The revised standards are the product of more than a year of work by Massachusetts educators and ESE staff. Educators drew from their experience with the existing standards, and the recommendations also reflect feedback received through public comment, including through an online survey.
In English language arts and literacy, the changes include:
• Multiple cross-references to make the reading, writing, speaking and listening, and language standards more coherent;
• Instructional examples and samples of student writing from Massachusetts classrooms to clarify the meaning of the standards; and
• An explanation of how literacy instruction — particularly in the early elementary years — is intertwined with mathematics, science, social studies, the arts, and other subjects in a well-balanced curriculum.
In math, the changes include:
• Stronger learning progressions for pattern recognition in the early grades; the measurement of circles in the middle grades; and ratio, rate and proportions in the middle grades; and
• Added guidance for making decisions about course sequences that includes pathways to calculus and other advanced mathematics courses.
"Massachusetts' ability to continually adapt and update our educational standards is an important part of why our students and public schools lead the nation in many categories," Governor Charlie Baker said. "I am confident that the standards adopted today, with collaboration from educators, will continue to help successfully guide our students throughout their Massachusetts education."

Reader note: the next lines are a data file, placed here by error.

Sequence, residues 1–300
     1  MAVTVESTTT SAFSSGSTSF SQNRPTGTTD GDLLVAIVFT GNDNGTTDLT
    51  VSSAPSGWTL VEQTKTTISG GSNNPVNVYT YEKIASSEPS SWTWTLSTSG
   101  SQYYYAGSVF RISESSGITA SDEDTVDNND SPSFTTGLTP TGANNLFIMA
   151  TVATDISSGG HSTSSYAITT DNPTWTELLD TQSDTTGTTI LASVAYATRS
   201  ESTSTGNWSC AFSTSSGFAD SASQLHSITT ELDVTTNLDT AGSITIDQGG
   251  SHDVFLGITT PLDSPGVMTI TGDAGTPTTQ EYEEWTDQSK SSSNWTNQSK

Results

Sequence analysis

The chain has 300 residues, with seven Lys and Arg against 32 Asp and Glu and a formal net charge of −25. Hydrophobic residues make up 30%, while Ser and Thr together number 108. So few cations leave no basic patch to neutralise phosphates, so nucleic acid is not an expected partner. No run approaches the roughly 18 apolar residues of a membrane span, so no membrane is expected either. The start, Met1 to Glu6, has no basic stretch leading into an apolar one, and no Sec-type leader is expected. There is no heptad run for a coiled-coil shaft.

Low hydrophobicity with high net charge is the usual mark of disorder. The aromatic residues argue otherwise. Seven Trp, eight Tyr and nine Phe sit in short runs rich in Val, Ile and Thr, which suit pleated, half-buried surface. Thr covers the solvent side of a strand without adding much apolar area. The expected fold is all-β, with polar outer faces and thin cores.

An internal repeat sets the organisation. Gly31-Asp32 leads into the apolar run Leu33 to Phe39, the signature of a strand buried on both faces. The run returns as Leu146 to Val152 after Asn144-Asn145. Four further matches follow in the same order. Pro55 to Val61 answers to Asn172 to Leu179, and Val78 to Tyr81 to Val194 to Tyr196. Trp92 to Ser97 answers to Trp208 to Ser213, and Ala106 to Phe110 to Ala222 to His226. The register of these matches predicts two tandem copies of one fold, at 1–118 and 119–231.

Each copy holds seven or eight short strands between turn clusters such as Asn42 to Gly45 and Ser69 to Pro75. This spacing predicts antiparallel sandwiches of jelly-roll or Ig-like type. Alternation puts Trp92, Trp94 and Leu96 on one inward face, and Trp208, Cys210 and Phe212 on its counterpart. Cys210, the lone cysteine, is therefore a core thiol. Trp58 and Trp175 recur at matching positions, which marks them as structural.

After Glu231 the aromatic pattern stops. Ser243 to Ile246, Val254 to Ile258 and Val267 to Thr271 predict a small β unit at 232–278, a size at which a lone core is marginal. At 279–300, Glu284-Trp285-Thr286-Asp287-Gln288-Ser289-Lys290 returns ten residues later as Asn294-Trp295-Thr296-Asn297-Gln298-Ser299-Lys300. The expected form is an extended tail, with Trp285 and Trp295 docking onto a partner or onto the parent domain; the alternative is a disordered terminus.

"I am happy to have voted for these revised standards, and I believe they continue Massachusetts' tradition of high expectations for all students," said Education Secretary James Peyser. "While many people have expressed concerns about the role that the Common Core State Standards played in developing our 2010 standards, I want to make it clear that the 2017 standards are the Commonwealth's own," said Elementary and Secondary Education Commissioner Mitchell Chester. "These revised standards were developed by Massachusetts educators and represent the input of hundreds of the Commonwealth's preK-12 and higher education faculty. I am confident that the standards adopted today will help prepare students for success after high school."
The standards adopted today describe what students should know and be able to do in English language arts and literacy and in math at each grade level. The standards are not a curriculum, and they do not specify which materials teachers should use. In Massachusetts, curriculum, materials and methods are determined at the local level.
The revised standards are the result of a vote the Board took in November 2015 on Commissioner Chester's recommendation to work with Massachusetts preK-12 educators and higher education faculty to identify changes to the English language arts and literacy and math standards that would ensure the Commonwealth's standards match those of the most aspirational education systems in the world and prepare students well for college, careers, and civic participation.
The Department will help districts implement the new standards starting with the 2017-18 school year. The next-generation MCAS will be aligned to the standards starting in spring 2018.